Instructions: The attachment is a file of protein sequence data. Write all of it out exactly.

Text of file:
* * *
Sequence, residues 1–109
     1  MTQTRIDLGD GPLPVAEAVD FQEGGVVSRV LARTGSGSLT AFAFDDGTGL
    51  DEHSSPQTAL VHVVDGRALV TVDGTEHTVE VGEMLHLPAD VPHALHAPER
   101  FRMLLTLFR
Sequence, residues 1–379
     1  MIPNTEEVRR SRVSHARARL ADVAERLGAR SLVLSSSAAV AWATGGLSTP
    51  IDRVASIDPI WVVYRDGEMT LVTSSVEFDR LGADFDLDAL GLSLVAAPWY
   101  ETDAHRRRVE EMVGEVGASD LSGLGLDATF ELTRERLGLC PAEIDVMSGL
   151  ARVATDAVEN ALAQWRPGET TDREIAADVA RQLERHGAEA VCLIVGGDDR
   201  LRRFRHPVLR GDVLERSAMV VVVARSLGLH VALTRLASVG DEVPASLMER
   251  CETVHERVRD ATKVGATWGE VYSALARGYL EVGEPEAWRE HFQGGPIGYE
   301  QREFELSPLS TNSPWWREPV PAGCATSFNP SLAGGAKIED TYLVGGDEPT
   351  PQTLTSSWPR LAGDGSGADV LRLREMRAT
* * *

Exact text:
Sequence, residues 1–109
     1  MTQTRIDLGD GPLPVAEAVD FQEGGVVSRV LARTGSGSLT AFAFDDGTGL
    51  DEHSSPQTAL VHVVDGRALV TVDGTEHTVE VGEMLHLPAD VPHALHAPER
   101  FRMLLTLFR
Sequence, residues 1–379
     1  MIPNTEEVRR SRVSHARARL ADVAERLGAR SLVLSSSAAV AWATGGLSTP
    51  IDRVASIDPI WVVYRDGEMT LVTSSVEFDR LGADFDLDAL GLSLVAAPWY
   101  ETDAHRRRVE EMVGEVGASD LSGLGLDATF ELTRERLGLC PAEIDVMSGL
   151  ARVATDAVEN ALAQWRPGET TDREIAADVA RQLERHGAEA VCLIVGGDDR
   201  LRRFRHPVLR GDVLERSAMV VVVARSLGLH VALTRLASVG DEVPASLMER
   251  CETVHERVRD ATKVGATWGE VYSALARGYL EVGEPEAWRE HFQGGPIGYE
   301  QREFELSPLS TNSPWWREPV PAGCATSFNP SLAGGAKIED TYLVGGDEPT
   351  PQTLTSSWPR LAGDGSGADV LRLREMRAT